Internet Explorer 11, the latest version of Microsoft’s evergreen web browser is now firmly in the spotlight. After arriving as the default choice with Windows 8.1, the program was also recently released for Windows 7 users.
And Redmond continues to talk about its new browser — this time the focus is on web security.
The company has floated up an impressively large number this time around, claiming that IE11 manages to make 40 percent of the Internet more secure. And all this is possible because of the technologies used by the new browser.
Microsoft explains that IE11 is the first browser that does not rely on the old cipher suites like the RC4. Instead TLS 1.2 is used by default, which is one of the most secure standards available right now. Brace for some highly technical talk:
“The changes in IE11 increase security while still ensuring compatibility with the Web, in spite of the current widespread use of the RC4 cipher suite. IE11 does not offer RC4-based cipher suites during the initial TLS/SSL handshake. In this way, most connections successfully use non-RC4 cipher suites.”
Technical talk is rarely fun, without some accompanying statistics, and there are plenty here.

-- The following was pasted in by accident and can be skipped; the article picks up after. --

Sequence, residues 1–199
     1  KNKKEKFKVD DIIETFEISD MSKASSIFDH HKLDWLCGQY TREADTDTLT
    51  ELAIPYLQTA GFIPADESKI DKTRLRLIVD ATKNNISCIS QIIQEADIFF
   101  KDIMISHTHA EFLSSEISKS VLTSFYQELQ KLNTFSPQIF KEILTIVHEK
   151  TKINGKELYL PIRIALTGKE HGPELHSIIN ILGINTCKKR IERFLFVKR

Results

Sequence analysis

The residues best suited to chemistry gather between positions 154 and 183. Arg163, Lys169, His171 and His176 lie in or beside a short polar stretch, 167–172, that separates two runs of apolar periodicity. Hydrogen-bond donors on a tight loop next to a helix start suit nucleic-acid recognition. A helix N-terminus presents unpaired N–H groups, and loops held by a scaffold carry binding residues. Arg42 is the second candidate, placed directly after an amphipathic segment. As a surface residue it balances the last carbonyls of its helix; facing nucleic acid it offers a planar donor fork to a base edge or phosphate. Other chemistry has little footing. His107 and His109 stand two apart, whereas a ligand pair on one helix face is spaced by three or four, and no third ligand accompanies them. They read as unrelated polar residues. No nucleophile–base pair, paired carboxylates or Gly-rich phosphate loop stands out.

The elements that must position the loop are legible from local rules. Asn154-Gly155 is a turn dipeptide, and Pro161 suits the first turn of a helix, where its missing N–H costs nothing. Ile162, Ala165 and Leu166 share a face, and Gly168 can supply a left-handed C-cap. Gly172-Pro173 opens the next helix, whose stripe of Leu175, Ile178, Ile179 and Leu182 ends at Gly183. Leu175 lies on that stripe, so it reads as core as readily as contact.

Redmond goes on to explain how it analyzed some 5 million Internet settings in order to determine that 96 percent of them also support chippers other than RC4. And here is where the latest version of Internet Explorer springs into action:
“Notably, nearly 39% of these sites support non-RC4 even though they prefer RC4 – and for these, sites, IE11 substantially increases the security of the Web.
For the rare cases where the browser cannot negotiate a non-RC4 cipher suite with the server, IE11 falls back to negotiating TLS 1.0 or SSL 3.0 with RC4 to ensure that you can still reach the sites you need. Microsoft is actively working with many of these sites to enable support for non-RC4 cipher suites.”
Some pretty technical stuff in the post above, but it is explained neatly, and is well worth a read.
Internet Explorer 11 is the default browser built into Windows 8.1, and is currently available as an optional download for Windows 7 users. Microsoft has also started gradually pushing IE11 to the users of the world’s most popular operating system, but if you can also manually download and install it.